PEI

Immigration will continue to drive housing market, says CMHC

Investment in new housing in the Charlottetown area will remain strong over the next two years, according to the fall forecast from the Canada Mortgage and Housing Corporation.

Labour shortage expected to slow housing starts

Historically high rates of immigration are driving the housing market. (Steve Bruce/CBC)

Investment in new housing in the Charlottetown area will remain strong over the next two years, according to the fall forecast from the Canada Mortgage and Housing Corporation.

The market will be held back not so much by demand, but by a shortage of skilled labour to build new housing, the agency says.

That labour constraint will have the biggest impact on single-family home starts, says CMHC, as demand for apartment housing grows and building accelerates in that sector. Those factors will combine to drive up the average house price about 25 per cent over the three years of the forecast, from $226,868 in 2016 to about $285,000 in 2019.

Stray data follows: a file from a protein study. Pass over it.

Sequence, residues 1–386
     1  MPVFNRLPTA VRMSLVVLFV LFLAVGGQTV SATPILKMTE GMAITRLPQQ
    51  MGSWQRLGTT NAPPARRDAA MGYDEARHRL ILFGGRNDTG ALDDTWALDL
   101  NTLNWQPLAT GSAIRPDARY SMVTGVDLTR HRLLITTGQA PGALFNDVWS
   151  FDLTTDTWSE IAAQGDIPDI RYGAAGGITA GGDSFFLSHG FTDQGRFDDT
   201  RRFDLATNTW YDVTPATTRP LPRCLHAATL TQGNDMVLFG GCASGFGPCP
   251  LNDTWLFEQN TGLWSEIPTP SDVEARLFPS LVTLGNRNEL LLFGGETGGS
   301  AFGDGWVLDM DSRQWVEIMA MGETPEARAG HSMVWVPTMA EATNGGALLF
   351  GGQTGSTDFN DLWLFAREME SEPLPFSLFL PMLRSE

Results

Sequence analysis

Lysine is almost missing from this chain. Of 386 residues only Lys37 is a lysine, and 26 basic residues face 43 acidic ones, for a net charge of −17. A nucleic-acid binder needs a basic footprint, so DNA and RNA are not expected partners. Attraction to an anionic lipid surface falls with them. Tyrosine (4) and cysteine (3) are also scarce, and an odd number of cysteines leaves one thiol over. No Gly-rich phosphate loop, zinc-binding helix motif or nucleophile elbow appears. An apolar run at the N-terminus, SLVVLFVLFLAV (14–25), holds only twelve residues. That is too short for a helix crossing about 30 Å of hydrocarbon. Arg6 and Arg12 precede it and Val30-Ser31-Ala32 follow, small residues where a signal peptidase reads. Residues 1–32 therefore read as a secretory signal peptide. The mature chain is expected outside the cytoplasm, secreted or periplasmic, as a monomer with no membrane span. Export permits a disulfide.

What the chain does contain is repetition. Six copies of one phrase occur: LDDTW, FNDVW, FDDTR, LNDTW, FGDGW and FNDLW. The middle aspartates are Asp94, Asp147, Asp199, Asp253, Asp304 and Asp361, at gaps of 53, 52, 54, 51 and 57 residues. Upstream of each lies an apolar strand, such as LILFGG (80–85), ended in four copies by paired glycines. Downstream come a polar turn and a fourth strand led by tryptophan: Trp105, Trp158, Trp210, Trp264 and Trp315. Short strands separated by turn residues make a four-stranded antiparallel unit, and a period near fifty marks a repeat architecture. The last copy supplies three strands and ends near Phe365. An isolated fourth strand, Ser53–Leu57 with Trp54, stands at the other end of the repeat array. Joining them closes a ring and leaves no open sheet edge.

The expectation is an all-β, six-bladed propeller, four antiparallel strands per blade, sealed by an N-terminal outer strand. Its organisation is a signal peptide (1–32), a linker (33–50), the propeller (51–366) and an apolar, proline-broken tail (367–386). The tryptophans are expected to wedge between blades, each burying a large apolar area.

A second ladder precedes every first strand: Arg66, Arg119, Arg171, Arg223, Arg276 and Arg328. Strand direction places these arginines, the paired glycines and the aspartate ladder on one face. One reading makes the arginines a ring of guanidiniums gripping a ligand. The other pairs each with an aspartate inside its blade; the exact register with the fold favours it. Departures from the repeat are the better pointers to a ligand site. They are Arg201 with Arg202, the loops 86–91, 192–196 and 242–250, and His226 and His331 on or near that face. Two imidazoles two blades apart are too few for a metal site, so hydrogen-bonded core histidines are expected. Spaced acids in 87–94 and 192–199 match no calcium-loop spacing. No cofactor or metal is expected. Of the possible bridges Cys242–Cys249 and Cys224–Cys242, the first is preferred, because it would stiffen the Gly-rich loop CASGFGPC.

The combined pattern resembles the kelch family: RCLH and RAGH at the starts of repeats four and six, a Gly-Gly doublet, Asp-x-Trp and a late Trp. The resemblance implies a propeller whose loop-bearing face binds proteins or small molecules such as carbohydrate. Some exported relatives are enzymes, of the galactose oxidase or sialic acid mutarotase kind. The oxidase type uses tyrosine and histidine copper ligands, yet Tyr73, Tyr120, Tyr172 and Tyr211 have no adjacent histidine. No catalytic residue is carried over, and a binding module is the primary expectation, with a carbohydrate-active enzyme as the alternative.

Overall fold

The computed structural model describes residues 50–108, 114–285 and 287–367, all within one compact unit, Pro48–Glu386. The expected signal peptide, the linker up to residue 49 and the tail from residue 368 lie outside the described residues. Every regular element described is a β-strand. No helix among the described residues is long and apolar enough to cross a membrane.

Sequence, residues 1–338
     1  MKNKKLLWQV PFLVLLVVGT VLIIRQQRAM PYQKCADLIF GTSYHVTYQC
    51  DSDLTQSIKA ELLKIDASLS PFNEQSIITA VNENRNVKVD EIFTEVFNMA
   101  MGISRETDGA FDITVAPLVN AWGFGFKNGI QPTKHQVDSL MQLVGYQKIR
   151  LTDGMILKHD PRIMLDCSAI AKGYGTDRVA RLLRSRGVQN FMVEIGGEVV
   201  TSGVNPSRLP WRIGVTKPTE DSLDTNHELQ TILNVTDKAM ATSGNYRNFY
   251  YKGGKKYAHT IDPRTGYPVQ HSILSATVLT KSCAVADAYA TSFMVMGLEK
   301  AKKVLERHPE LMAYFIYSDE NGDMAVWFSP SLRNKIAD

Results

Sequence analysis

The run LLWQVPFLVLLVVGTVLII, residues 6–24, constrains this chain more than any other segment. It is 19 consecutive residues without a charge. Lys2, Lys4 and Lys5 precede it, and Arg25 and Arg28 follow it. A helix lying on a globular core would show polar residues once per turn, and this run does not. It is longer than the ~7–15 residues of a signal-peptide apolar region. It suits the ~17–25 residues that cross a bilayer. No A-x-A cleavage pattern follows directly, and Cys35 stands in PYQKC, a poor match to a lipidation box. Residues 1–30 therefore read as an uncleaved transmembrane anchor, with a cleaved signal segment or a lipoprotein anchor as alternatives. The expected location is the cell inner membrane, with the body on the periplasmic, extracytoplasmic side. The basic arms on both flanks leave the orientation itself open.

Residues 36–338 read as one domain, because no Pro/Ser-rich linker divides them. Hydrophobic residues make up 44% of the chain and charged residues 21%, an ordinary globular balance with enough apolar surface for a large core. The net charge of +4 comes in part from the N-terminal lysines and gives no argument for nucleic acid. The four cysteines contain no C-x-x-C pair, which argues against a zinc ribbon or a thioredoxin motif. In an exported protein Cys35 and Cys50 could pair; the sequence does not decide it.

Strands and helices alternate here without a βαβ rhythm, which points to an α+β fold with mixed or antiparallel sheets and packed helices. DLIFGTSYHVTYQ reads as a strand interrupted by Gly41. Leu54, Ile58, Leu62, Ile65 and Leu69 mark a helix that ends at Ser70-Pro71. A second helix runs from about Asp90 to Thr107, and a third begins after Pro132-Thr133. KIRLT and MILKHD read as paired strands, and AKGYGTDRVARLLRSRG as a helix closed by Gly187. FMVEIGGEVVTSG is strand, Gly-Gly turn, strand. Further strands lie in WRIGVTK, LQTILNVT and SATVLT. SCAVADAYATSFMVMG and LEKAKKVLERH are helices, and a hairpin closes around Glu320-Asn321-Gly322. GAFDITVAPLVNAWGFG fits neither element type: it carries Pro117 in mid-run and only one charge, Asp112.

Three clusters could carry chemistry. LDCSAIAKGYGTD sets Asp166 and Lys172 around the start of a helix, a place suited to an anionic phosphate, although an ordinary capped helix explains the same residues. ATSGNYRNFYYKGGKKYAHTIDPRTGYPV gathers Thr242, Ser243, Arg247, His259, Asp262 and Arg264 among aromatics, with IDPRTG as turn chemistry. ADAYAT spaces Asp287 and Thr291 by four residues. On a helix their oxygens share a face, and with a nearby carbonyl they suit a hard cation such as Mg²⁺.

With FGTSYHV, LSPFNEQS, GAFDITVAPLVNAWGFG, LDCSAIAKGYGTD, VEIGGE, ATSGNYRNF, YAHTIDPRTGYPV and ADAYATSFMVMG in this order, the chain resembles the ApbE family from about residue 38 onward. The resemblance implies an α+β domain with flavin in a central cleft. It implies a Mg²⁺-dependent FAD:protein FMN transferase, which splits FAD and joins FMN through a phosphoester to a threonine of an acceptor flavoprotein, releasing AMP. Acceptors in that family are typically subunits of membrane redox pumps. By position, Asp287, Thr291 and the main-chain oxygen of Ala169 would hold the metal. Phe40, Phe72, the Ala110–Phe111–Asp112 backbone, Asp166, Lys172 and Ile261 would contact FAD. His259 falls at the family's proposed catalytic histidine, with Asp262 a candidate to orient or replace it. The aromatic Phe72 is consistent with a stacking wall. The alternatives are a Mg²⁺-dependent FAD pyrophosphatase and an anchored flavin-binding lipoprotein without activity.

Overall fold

Apartment vacancy rates in Charlottetown are expected to fall below 0.5 per cent. Higher rents will follow according to the report, with the average for a two-bedroom going from $872 in 2016 to $975 in 2019.

A growing population driven by immigration will be the main driver in increased demand.

Historically high rates of immigration are expected to continue on the Island, and recent trends are for almost two thirds of immigrants to P.E.I. to settle in Charlottetown.

Downsizing seniors and international students are also expected increase demand in multiple-unit housing.

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